By its very nature mining is a messy business and we are not convinced by the marketing and bright coloured CGI animations used to demonstrate how this MODERN mine will operate. The animation makes it looks so clean but we have the opinion that is far from the facts. It does not show the shunting of wagons to the sidings, the plumes of dust as each wagon is loaded; We read somewhere 4 trains’ daily transporting coal to Redcar. These quieter modern trains can pull at least 21 large covered coal wagons, not the 7/8 shown on the CGI.

In our estimate that must be a train over 200m long. The CGI does not show those large trains trundling past homes through Mirehouse, Parton or Harrington to name a few. Pow Beck is going to be a very different place at all times of the day and night. We thought the United Nations and EU have in place regulations to reduce carbon emissions to meet climate targets, yet here we are in Cumbria giving consideration to digging out millions of tonnes of coal. We would have thought political policy would have put the kibosh on mining in this country, indeed in March of this year our government rejected an open cast mine in Northumberland saying the environmental impact outweighs economic benefits.

In Wales, only last month, they have reached the decisions no new mining unless under exceptional circumstances. WCM say 80% will be exported. We produce the coal and let someone else burn it. What a legacy, will we ever learn? Mining coal is a retrograde step, Apologies to all those miners past and present, We don’t wish to be ungrateful for their legacy, but we should not be thinking of building a new mine, burning coal is never going to be clean enough and that’s the facts.

Since 2014 WCM Ltd have marketed the mines with the creation of jobs for a lot of people over a very long time, benefits for the economy; an investment for West Cumbria. It is our belief that the environmental costs and environmental risk are too high a price for all that. The coal is not an asset anymore, the burning of fossil fuel is a liability that our children will be paying for. Therefore, we ask that Cumbria County Council refuse this planning application and keep Copeland coal, and other pollutants locked beneath the sandstone out of harm’s way.”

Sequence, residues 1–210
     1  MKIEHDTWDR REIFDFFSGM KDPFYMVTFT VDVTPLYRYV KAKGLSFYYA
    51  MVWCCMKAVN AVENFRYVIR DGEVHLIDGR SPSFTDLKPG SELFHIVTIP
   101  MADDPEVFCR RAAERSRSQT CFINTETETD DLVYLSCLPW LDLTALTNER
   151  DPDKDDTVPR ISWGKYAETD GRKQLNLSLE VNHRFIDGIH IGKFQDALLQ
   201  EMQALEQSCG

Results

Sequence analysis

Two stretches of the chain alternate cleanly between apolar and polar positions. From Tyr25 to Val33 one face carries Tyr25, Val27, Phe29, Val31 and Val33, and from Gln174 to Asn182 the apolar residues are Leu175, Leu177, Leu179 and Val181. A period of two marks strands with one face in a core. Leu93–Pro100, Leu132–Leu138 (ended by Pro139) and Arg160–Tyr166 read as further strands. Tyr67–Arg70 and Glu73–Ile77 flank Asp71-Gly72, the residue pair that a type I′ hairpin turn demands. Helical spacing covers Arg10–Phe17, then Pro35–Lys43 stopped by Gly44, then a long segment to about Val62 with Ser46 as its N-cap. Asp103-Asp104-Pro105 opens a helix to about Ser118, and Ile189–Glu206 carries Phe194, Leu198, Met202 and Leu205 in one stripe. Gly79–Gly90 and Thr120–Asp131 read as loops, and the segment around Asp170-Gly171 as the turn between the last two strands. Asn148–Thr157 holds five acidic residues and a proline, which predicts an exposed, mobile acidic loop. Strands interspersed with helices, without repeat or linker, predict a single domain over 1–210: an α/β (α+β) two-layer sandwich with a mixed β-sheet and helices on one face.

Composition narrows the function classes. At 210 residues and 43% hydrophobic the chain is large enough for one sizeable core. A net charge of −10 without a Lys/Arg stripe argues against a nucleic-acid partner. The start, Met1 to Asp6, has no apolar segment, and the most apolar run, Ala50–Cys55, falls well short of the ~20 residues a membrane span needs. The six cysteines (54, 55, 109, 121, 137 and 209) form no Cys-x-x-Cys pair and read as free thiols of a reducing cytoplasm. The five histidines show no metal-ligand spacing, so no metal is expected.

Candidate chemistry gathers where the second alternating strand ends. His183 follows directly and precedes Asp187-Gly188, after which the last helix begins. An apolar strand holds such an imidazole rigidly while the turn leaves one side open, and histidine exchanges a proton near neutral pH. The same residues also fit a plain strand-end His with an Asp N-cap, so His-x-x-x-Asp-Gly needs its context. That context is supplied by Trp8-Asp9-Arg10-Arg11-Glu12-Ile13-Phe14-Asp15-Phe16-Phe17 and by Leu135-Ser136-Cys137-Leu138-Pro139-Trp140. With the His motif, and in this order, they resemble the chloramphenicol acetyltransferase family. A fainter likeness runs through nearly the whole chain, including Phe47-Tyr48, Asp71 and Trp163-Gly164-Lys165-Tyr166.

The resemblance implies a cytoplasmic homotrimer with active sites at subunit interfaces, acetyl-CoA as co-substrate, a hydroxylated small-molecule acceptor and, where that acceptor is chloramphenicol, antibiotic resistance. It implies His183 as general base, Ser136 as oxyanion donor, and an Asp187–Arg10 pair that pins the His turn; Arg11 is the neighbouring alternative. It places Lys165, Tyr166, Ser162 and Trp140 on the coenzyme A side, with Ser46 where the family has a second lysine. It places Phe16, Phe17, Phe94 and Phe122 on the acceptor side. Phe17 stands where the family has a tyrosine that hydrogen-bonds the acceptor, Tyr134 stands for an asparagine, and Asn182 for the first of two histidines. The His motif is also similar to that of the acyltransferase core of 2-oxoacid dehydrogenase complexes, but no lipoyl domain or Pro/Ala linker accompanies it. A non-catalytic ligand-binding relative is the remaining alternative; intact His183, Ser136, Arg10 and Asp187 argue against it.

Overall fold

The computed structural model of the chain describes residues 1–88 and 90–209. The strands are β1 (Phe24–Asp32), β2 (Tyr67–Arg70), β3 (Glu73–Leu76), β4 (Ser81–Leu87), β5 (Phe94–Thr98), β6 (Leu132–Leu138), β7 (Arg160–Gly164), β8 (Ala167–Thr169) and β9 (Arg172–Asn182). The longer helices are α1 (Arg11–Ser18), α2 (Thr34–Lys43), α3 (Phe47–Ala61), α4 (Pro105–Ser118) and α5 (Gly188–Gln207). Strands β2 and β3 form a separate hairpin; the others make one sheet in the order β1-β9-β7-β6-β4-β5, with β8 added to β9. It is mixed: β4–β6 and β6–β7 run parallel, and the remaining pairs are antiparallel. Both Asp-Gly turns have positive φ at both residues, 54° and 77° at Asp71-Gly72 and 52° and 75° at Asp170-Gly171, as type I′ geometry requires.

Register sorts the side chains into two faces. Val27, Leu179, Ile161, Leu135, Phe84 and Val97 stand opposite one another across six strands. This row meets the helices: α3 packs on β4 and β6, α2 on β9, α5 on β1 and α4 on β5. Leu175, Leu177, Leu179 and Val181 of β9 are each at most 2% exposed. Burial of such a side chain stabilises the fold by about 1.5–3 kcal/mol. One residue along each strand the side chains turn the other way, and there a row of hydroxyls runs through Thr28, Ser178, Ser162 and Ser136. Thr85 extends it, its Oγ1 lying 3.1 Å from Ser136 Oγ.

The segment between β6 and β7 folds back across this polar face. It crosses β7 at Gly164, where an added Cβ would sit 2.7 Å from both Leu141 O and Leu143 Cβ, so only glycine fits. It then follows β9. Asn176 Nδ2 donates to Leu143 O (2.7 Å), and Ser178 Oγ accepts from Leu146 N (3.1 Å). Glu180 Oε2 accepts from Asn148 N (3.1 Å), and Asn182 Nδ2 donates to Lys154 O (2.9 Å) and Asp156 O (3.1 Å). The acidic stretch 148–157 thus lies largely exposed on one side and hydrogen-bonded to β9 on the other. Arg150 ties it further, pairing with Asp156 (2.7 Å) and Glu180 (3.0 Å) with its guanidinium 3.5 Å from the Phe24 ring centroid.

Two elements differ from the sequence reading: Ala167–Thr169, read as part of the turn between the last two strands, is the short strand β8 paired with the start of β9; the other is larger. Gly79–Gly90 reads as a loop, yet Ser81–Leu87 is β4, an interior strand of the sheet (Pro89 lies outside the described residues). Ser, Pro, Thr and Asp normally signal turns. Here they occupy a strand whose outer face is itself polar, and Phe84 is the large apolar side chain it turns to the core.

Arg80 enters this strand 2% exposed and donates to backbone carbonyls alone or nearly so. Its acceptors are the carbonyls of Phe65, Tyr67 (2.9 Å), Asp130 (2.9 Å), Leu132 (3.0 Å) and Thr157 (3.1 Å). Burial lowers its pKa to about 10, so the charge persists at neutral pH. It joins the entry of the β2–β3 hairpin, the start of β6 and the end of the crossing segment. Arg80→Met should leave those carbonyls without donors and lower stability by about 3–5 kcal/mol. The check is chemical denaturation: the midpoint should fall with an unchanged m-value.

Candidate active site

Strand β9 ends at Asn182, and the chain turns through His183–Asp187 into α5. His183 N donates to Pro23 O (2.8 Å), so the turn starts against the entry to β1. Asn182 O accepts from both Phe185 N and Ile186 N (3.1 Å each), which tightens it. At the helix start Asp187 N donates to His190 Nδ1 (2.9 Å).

That last line from folk living near this proposal is worth repeating

..”we ask that Cumbria County Council refuse this planning application and keep Copeland coal, and other pollutants locked beneath the sandstone out of harm’s way.”

Please write your own letter to CCC quoting Planning reference 4/17/9007 Woodhouse Colliery

This plan is scheduled to be decided upon in Kendal by the Development Control Committee at the County Offices on FEB 22nd.  Not much time!  Please write to Cumbria County Council,s Development Control Committee and let them know you OBJECT. You can also ask to speak at the Meeting in Kendal – the more speakers the better chance we have of stopping the plan.

 Members of the Committee http://councilportal.cumbria.gov.uk/mgCommitteeDetails.aspx?ID=124

People also outside Cumbria can both object and speak if they register with nicola.harrison@cumbria.gov.uk

To Find the Planning Documents

You can insert insert application reference 4/17/9007 in Cumbria County Council’s search box  – and then click on the  “Documents” link on the right hand side.

NOTE The application reference  is 4/17/9007, West Cumbria Mining, Woodhouse Colliery. Written submissions can be sent to Jackie Currie, Cumbria County Council Development Control Team, County Offices, Busher Walk,  Kendal, Cumbria LA9 4RQ or via mail at developmentcontrol@cumbria.gov.uk.  or jackie.currie@cumbria.gov.uk

There is also an online petition.

COAL!! BBC & Magical Thinking

ash background beautiful blaze
Ashes and Dust

The BBC’s latest Christmas Cracker is to promote the first deep coal mine in the UK in 30 years like there is no tomorrow.

Yesterday’s Radio 4 PM programme treated listeners to the most highly sweetened, sickening concoction of greenwash promoting a coal mine.  The plan for Woodhouse Colliery under the Irish Sea extending over 50 years towards Sellafield  seems to be enjoying the most magical of magical thinking.

It is an enigma wrapped up in coal dust.  Where is George Monbiot?  Where is David Attenborough?   Where is the Extreme Energy Network?  Where are Extinction Rebellion? Where is Everyone?  What is the BBC’s Game?

COMPLAINT TO THE BBC

I was interested to hear the PM broadcast about the proposed first deep coal mine in over 30 years. We heard from the mining developers, the Mayor of Copeland and former miners, all of whom expressed delight with the proposal. There were no dissenting voices. The reporter’s questions were superficial and too easily satisfied by the developers cynical reassurances that the steel would be used for wind turbines. This is nonsense to hoodwink the public, they could just as well have pointed out that the biggest steel structure in the world is nuclear related -over Chernobyl. This bias from PM is shocking given that the West Cumbrian coal mine is the most methane rich in the country. Despite false assurances from the developers on the programme, it proposes to produce middlings, (thermal coal) as well as coking coal, the majority of which is for export. The DEFRA Emission Factors for Company Reporting, 2017 give upstream emissions from coking coal supply as 442kg CO2e per tonne of coal. The mine will extend closer to Sellafield than ever before with the attendant risk of earthquake from such huge abstraction of coal. I expected to hear from at least one of those opposing the mine to point out the cumulative dangers, but the programme ended in a congratulatory tone. This is shocking bias from the BBC given that this is a development which is due to go before Cumbria County Council maybe as soon as February.

Complaint to the BBC Woodhouse Colliery 27,12,18